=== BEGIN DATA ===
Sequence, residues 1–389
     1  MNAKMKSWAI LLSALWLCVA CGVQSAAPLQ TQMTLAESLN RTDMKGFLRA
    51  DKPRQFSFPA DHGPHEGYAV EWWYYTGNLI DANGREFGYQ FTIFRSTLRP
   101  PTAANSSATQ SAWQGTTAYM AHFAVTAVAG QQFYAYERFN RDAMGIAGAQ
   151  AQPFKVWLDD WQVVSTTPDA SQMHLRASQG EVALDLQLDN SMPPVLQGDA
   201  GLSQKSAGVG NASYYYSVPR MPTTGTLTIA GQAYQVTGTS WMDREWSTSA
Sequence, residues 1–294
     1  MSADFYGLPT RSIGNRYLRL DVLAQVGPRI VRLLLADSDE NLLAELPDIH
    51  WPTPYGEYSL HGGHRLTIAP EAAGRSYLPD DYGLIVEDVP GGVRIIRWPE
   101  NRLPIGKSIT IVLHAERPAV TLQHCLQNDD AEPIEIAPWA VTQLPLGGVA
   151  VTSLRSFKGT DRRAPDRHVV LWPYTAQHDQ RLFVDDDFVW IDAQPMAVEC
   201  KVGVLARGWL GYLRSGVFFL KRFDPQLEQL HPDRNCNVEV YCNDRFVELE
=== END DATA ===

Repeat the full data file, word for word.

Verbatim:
Sequence, residues 1–389
     1  MNAKMKSWAI LLSALWLCVA CGVQSAAPLQ TQMTLAESLN RTDMKGFLRA
    51  DKPRQFSFPA DHGPHEGYAV EWWYYTGNLI DANGREFGYQ FTIFRSTLRP
   101  PTAANSSATQ SAWQGTTAYM AHFAVTAVAG QQFYAYERFN RDAMGIAGAQ
   151  AQPFKVWLDD WQVVSTTPDA SQMHLRASQG EVALDLQLDN SMPPVLQGDA
   201  GLSQKSAGVG NASYYYSVPR MPTTGTLTIA GQAYQVTGTS WMDREWSTSA
Sequence, residues 1–294
     1  MSADFYGLPT RSIGNRYLRL DVLAQVGPRI VRLLLADSDE NLLAELPDIH
    51  WPTPYGEYSL HGGHRLTIAP EAAGRSYLPD DYGLIVEDVP GGVRIIRWPE
   101  NRLPIGKSIT IVLHAERPAV TLQHCLQNDD AEPIEIAPWA VTQLPLGGVA
   151  VTSLRSFKGT DRRAPDRHVV LWPYTAQHDQ RLFVDDDFVW IDAQPMAVEC
   201  KVGVLARGWL GYLRSGVFFL KRFDPQLEQL HPDRNCNVEV YCNDRFVELE